An analysis of basic research performance provides additional evidence for the increasing role of universities and colleges within the nation’s R&D system. Although the federal government funds the majority of basic research in the United States, it has performed a considerably less amount of it over time. In 2012, the federal government performed 6.8 percent of all basic research in the United States, a result consistent with the previous six years.  Coupled together with federally funded research and development centers (FFRDCs), the federal performance accounted for just 15 percent of performed R&D, compared to a peak of 29.3 percent in 1978. Perhaps most enlightening about basic research performance is the reversed role of industry and academic institutions. Once performing less than 27 percent of all basic research, universities and colleges increased their share to more than half throughout the early-1970s. Universities and colleges have performed between 50 and 60 percent of all basic research in each year since 1998, including 53.5 percent in 2012. Conversely, industry which once performed about one-third of all basic research in the U.S. has seen this share decrease over time. Less than 20 percent of all basic research has been performed by industry in each year since 1998, including a share of 18.6 percent in 2012.

The chart above illustrates the funding sources for basic research performed at U&C. As described in the first installment of this series, the federal government has begun driving more of its R&D dollars to basic research. At the same time, however, the federal government is moving away from federally-funded, federally-performed research. Increasing amounts of federal funding for basic research now go to universities and colleges, who have also begun funding their own basic research in larger quantities. A relatively small amount of university-performed basic research is funded by industry, state and local governments, and other nonprofits.

Ultimately, universities and colleges have become the place where the majority of the country’s basic research is performed, though this amount has become relatively stagnant since the Great Recession.  During that time, an increasing amount of funding has gone to applied research and development at universities and colleges. As the U.S. moves towards performing more and more of its basic research at universities and colleges, it is important for these academic institutions to continue to support their own basic research activities.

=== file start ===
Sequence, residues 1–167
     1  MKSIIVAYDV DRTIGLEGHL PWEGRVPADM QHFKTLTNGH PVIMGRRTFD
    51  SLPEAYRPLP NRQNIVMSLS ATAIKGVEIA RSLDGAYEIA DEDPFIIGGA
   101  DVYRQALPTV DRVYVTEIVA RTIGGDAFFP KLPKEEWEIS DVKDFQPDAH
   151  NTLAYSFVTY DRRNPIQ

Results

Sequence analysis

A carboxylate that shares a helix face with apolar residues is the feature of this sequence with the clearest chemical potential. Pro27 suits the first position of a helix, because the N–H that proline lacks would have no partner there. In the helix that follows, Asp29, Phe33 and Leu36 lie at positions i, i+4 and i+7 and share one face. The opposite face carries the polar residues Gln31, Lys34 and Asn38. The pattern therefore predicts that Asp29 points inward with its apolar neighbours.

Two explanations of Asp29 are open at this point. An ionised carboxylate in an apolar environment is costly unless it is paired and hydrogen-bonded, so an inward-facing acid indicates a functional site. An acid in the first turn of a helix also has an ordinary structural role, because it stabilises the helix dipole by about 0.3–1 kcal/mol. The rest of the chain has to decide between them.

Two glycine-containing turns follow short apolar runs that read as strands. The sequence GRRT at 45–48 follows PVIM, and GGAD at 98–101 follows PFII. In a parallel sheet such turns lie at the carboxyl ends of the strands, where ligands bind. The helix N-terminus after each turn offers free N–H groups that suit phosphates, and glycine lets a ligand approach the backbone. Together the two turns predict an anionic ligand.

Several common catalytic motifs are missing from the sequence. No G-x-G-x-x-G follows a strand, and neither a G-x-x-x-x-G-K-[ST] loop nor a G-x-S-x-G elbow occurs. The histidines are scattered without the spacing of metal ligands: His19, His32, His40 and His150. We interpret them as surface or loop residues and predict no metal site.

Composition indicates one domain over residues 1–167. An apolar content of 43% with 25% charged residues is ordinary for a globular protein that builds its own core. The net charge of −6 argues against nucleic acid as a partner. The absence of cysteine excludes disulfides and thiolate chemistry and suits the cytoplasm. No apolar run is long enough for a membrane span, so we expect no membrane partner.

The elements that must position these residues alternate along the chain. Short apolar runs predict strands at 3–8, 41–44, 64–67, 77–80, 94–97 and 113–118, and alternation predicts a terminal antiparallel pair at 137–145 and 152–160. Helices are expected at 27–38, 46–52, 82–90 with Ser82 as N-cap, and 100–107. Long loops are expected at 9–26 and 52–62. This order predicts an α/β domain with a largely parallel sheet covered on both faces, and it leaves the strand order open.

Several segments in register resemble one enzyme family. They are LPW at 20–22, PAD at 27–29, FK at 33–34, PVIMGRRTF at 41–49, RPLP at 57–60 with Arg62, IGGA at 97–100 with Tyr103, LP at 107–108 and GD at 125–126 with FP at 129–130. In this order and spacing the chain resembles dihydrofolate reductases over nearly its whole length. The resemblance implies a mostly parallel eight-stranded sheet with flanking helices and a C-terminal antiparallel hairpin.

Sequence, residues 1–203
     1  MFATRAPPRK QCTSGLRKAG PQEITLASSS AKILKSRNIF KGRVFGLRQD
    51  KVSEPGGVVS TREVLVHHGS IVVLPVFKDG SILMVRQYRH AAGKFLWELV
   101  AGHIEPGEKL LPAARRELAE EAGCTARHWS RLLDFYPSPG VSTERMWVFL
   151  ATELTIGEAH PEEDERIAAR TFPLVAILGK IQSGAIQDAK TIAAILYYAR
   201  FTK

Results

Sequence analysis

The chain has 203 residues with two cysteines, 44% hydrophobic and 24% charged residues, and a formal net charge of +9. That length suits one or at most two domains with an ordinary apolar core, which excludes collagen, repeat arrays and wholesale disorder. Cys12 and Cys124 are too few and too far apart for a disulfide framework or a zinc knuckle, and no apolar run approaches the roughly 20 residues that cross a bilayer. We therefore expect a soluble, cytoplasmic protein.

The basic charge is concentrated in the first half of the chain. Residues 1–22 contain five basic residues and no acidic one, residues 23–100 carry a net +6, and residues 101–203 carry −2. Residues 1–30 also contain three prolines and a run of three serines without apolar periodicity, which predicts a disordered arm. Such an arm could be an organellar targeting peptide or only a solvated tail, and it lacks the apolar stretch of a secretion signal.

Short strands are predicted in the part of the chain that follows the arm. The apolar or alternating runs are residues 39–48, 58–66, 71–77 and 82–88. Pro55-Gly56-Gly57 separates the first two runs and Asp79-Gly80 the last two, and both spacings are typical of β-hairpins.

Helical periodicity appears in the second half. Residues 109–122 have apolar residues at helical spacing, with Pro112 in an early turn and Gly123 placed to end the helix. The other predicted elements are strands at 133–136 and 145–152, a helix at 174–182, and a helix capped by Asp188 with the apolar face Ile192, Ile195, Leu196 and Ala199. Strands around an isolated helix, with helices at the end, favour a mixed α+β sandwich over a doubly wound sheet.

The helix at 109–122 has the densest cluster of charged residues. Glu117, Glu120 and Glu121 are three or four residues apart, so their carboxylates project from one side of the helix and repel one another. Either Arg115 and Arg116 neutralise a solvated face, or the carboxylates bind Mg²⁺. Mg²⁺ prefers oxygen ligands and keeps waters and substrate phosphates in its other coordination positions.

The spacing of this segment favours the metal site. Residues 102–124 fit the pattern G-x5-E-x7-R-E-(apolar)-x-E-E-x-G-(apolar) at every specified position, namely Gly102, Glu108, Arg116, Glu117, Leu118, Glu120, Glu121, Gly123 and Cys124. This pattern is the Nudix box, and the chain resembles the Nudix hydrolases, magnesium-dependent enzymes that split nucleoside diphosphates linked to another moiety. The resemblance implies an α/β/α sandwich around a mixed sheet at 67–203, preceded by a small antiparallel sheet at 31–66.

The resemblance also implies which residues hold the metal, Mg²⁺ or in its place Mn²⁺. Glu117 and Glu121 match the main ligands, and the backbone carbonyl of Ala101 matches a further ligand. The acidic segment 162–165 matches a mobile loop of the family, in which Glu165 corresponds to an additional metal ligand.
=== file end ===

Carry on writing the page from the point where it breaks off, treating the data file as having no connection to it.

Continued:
The role of academic institutions is particularly relevant within the realm of networked innovation, given the importance of science, technology, innovation, and entrepreneurship to many regional economies. Uber’s decision to hire nearly the entire Carnegie Mellon University National Robotics Engineering Center for its new Pittsburgh office lends credence to this. Richard Florida, writing in City Lab, sees this as a net-positive for the region’s tech-community.  Universities, such as the University of Minnesota’s Office of Technology Commercialization, are increasingly running their research branches as if they were a private company, while private sector companies continue to locate near university research.

Research and development is likely to continue its evolution in the United States, but trends indicate that universities and colleges will retain their large role. Given the nature of networked innovation, however, this also means that other institutions –not just the federal government – will be responsible for sponsoring and performing research and development.

Basic research offers an interesting opportunity for increased collaboration. In a blog post for The Brookings Institution, Scott Andes and Mark Muro posit that, with future federal spending for research and development in question, states and metropolitan areas are increasingly bootstrapping their own innovation. Through TBED programs such as the Ohio Third Frontier Initiative or the Indiana Biosciences Research Institute, both of which carry large basic research components, states and metropolitan areas are asserting themselves in a larger role to promote research and development activities.  As competition for federal funding increases, states and metropolitan areas may seek to leverage remaining funds to capitalize on the research competencies of FFRDCs and universities. In this way, networked innovation and the limitless combinations of talent and resources can contribute to the necessary paradigm shifts outlined by Andes and Muro.

 

 

 

r&d, ssti features